Glob­ally, only 50% of women aged 15 and above are in paid em­ploy­ment, com­pared with about 75% of men. At the same time, women do about three times more un­paid work than men do. When women are paid, their jobs tend to re­flect gen­der stereo­types and pro­vide rel­a­tively low earn­ings, poor work­ing con­di­tions, and lim­ited op­por­tu­ni­ties for ca­reer ad­vance­ment.

Even when women per­form the same or equal-value jobs as men, they are paid less, on av­er­age (although the size of the pay gap varies con­sid­er­ably around the world). Women are un­der-rep­re­sented in lead­er­ship po­si­tions in both busi­ness and gov­ern­ment. And, com­pared to busi­nesses owned by men, en­ter­prises owned by women are smaller, em­ploy fewer peo­ple, and are more con­cen­trated in sec­tors with lim­ited op­por­tu­ni­ties for profit and growth.

The UN re­port iden­ti­fies four over­ar­ch­ing and in­ter­con­nected fac­tors that im­pede gen­der equal­ity in all forms of work, and at all lev­els of de­vel­op­ment: ad­verse so­cial norms, dis­crim­i­na­tory laws and in­suf­fi­cient le­gal pro­tec­tions, gen­der gaps in un­paid house­hold and care work, and un­equal ac­cess to dig­i­tal, fi­nan­cial, and prop­erty as­sets.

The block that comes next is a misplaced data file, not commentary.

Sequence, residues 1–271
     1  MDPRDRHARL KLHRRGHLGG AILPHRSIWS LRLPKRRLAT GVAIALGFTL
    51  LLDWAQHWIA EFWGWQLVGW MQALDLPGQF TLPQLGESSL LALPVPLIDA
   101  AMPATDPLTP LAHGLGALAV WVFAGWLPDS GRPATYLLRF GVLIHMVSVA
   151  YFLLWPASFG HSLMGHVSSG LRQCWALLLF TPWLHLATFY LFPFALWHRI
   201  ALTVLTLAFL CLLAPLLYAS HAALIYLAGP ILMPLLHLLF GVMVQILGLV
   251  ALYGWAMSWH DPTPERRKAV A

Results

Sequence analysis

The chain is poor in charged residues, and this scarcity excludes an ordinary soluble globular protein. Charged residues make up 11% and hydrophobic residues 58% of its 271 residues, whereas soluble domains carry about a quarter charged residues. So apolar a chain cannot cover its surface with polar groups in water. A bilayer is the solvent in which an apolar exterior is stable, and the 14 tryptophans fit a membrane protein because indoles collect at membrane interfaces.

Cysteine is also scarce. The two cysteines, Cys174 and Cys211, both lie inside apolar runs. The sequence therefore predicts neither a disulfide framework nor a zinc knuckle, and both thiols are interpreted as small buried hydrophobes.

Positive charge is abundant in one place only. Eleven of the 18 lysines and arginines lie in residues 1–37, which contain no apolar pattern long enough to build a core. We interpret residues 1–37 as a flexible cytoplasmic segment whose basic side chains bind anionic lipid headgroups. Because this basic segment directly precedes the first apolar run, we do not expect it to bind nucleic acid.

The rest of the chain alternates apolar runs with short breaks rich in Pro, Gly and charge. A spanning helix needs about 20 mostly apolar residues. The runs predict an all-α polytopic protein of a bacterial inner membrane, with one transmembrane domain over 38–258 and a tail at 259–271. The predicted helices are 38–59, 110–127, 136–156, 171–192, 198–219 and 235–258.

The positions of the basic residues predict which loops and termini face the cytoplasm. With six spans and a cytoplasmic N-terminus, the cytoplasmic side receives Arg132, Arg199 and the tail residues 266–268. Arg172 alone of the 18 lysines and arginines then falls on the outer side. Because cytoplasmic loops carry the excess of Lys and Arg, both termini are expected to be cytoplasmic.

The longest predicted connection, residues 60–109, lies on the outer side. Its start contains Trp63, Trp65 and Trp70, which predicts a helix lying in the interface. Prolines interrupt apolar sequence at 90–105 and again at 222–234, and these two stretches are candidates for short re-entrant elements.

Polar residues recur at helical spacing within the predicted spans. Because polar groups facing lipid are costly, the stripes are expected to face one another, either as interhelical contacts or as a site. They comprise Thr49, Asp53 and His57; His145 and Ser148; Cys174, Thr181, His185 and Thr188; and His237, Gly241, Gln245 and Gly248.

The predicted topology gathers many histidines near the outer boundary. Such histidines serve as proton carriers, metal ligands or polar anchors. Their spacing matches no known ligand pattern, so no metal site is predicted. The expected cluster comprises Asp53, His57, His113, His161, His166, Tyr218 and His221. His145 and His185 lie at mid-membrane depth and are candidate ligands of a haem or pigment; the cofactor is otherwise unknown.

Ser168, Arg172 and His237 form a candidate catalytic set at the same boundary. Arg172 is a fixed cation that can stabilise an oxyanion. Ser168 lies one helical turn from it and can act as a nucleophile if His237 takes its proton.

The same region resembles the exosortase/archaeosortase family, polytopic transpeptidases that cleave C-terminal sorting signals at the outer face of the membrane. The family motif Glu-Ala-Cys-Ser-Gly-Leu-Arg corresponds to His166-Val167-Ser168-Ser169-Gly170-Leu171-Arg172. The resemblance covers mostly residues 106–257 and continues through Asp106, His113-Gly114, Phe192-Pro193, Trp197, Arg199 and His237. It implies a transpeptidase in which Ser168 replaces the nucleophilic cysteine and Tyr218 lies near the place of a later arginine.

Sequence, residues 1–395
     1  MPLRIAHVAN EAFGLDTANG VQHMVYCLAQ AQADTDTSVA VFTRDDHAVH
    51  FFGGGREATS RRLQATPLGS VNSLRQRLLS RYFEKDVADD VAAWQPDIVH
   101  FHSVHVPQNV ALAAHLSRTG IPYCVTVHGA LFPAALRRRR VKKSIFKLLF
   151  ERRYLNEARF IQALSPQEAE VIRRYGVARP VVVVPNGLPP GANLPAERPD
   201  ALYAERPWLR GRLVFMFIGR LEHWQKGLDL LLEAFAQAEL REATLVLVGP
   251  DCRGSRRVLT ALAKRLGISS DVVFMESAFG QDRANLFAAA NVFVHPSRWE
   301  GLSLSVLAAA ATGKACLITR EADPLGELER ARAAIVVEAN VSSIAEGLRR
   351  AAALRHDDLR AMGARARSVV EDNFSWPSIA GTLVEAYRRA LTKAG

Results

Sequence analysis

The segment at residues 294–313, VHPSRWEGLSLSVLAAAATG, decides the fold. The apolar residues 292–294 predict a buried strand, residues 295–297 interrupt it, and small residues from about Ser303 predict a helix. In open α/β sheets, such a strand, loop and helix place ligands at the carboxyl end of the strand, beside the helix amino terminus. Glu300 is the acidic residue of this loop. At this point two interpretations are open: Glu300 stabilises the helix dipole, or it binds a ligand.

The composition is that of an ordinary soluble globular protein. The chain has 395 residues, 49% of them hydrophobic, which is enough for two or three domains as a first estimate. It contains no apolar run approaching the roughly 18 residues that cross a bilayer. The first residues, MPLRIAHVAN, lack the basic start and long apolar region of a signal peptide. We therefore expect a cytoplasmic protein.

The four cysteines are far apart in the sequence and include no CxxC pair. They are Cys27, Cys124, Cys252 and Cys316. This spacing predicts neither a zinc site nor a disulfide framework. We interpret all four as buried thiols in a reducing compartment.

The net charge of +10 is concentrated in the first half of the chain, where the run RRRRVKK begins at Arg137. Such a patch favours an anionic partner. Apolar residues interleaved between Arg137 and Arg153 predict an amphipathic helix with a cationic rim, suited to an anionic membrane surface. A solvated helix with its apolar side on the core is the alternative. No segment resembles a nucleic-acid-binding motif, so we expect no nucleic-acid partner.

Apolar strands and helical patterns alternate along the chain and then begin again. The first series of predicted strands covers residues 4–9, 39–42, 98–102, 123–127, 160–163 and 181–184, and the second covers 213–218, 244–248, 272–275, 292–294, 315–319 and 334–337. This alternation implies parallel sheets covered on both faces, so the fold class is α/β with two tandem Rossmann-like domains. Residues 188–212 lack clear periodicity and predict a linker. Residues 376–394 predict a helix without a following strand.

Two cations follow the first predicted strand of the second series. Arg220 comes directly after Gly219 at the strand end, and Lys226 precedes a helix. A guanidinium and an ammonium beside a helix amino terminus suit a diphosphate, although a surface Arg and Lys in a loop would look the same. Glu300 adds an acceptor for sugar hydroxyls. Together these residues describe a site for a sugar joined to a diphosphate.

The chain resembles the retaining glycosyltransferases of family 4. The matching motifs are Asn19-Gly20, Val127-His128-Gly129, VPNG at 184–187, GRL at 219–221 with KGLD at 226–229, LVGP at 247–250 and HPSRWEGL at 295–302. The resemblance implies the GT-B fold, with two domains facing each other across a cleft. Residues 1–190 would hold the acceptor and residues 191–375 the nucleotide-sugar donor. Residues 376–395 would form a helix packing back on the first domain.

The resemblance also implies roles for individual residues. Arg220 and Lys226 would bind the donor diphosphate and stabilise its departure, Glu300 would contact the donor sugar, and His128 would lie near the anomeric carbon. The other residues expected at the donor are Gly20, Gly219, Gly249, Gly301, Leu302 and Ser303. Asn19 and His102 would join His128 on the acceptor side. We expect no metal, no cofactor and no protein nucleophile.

So­cial norms de­ter­mine eco­nomic out­comes for women in sev­eral ways: they shape women’s de­ci­sions about which oc­cu­pa­tional and ed­u­ca­tional op­por­tu­ni­ties to pur­sue; they af­fect the dis­tri­bu­tion of un­paid work within house­holds and wages in paid care ac­tiv­i­ties such as nurs­ing and teach­ing, which em­ploy a high pro­por­tion of women; and they re­flect and re­in­force dis­crim­i­na­tory gen­der stereo­types and im­plicit bi­ases that limit women’s pay and pro­mo­tion prospects.

In many coun­tries, ad­verse so­cial norms are also cod­i­fied in laws that limit women’s pro­fes­sional choices and their abil­ity to ob­tain pass­ports, travel out­side their homes, start busi­nesses, and own or in­herit prop­erty. A re­cent In­ter­na­tional Mon­e­tary Fund anal­y­sis finds that this kind of le­gal dis­crim­i­na­tion is as­so­ci­ated with lower lev­els of ed­u­ca­tional at­tain­ment for women, wider gen­der-pay gaps, and fewer women-owned busi­nesses. More­over, ac­cord­ing to the World Bank, 103 coun­tries do not legally man­date gen­der non-dis­crim­i­na­tion in hir­ing, and 101 do not re­quire equal re­mu­ner­a­tion for work of equal value in for­mal-sec­tor jobs.